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Menu translation & wrong encoding in Windows 7

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  • Mojca Miklavec
    Hello, I have submitted Slovenian Vim menu translation a while ago while I was still using XP (and then didn t use Windows for ages; menu translations don t
    Message 1 of 5 , Dec 2, 2009
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      Hello,

      I have submitted Slovenian Vim menu translation a while ago while I
      was still using XP (and then didn't use Windows for ages; menu
      translations don't work with Aqua Vim at all) and the encoding worked properly.

      Now I tried it on Windows 7 and discovered that the language is set to
      Slovenian_Slovenia.1250. That might be a bit weird. The native
      encoding used to be cp1250 indeed (at least in XP), but it could be
      that Windows 7 now
      tries to use utf-8 whenever possible ... but I don't really know.

      The problem is that now I get translation
         Pomoé (eacute)
      instead of
         Pomoč (ccaron)
      for "Help". S and Z with caron (šž) are missing completely, so there's a
      big bunch of wrong translations.

      Some deeper insight: In cp1250 the character č is located at C8 and
      E8. In ISO-8859-1 (or Unicode, for that matter) there is egrave or the
      same location (maybe I need to check again once I'm on Windows whether
      that character is egrave or eacute). The characters š and ž are at
      (8A/9A) and (8E/9E). All four positions are empty in Latin1 and
      Unicode. Which might be a reasonble explanation of the behaviour I'm
      observing.

      I didn't try to modify any setting. I'm just using the defaults of
      what gvim 7.2 for windows provides. I tried to rename files
      afterwards, but with zero success.

      It might be a problem in either the source code or the script that
      takes care of choosing the right menu encoding. The English version
      doesn't suffer at all, and most other menu translations are in Latin1
      anyway, so nobody using that translation should notice the problem
      even if it is more widespread. The only languages apart from Slovenian
      sharing the same encoding are Czech/Slovak/Polish.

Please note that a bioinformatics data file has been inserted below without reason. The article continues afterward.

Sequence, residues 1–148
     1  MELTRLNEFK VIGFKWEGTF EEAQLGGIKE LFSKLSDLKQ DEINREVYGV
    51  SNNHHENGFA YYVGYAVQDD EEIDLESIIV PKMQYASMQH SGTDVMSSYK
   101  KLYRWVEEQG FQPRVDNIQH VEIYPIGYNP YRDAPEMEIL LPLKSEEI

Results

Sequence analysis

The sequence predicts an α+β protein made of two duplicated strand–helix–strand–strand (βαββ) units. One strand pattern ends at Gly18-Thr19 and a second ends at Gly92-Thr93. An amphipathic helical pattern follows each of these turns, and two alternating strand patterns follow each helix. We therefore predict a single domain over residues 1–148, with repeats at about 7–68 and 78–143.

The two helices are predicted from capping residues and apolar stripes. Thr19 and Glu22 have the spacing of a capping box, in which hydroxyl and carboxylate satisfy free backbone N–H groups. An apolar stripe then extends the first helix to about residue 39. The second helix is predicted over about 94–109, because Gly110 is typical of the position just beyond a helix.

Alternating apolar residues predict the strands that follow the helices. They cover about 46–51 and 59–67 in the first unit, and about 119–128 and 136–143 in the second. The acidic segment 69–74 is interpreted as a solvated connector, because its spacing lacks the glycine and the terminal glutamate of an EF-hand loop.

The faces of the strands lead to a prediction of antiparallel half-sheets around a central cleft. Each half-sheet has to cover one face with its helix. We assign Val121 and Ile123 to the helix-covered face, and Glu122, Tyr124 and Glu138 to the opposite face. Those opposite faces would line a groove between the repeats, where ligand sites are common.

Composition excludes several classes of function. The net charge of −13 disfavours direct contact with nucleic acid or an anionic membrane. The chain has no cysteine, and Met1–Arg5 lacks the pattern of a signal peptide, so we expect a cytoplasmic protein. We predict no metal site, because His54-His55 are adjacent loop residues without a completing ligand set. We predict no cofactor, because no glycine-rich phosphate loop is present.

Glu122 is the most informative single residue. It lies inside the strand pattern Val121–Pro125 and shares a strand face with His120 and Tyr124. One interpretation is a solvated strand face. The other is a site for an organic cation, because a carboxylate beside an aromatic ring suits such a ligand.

Does anyone have a hint how to solve this problem? Does it work OK for
      Czech/Slovak/Polish users on Windows 7?

      Thanks a lot,
         Mojca

      PS: I already had a related problem years ago. I read at
      http://vimdoc.sourceforge.net/htmldoc/version7.html:

      BUG FIXES *bug-fixes-7*
      When $LANG is "sl" for slovenian, the slovak menu was used, since "slovak"
      starts with "sl".

      Could this be related, just in another way?

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    • Mojca Miklavec
      Hello, I have now tested the Polish version (I switched the system language to Polish) and it shows exactly the same problem (screenshot attached - hopefully
      Message 2 of 5 , Dec 2, 2009
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        Hello,

        I have now tested the Polish version (I switched the system language
        to Polish) and it shows exactly the same problem (screenshot attached
        - hopefully 31k is still within the allowed limits).

        Mojca

        On Wed, Dec 2, 2009 at 10:19, Mojca Miklavec wrote:
        > Hello,
        >
        > I have submitted Slovenian Vim menu translation a while ago while I
        > was still using XP (and then didn't use Windows for ages; menu
        > translations don't work with Aqua Vim at all) and the encoding worked properly.
        >
        > Now I tried it on Windows 7 and discovered that the language is set to
        > Slovenian_Slovenia.1250. That might be a bit weird. The native
        > encoding used to be cp1250 indeed (at least in XP), but it could be
        > that Windows 7 now
        > tries to use utf-8 whenever possible ... but I don't really know.
        >
        > The problem is that now I get translation
        >    Pomoé (eacute)
        > instead of
        >    Pomoč (ccaron)
        > for "Help". S and Z with caron (šž) are missing completely, so there's a
        > big bunch of wrong translations.
        >
        > Some deeper insight: In cp1250 the character č is located at C8 and
        > E8. In ISO-8859-1 (or Unicode, for that matter) there is egrave or the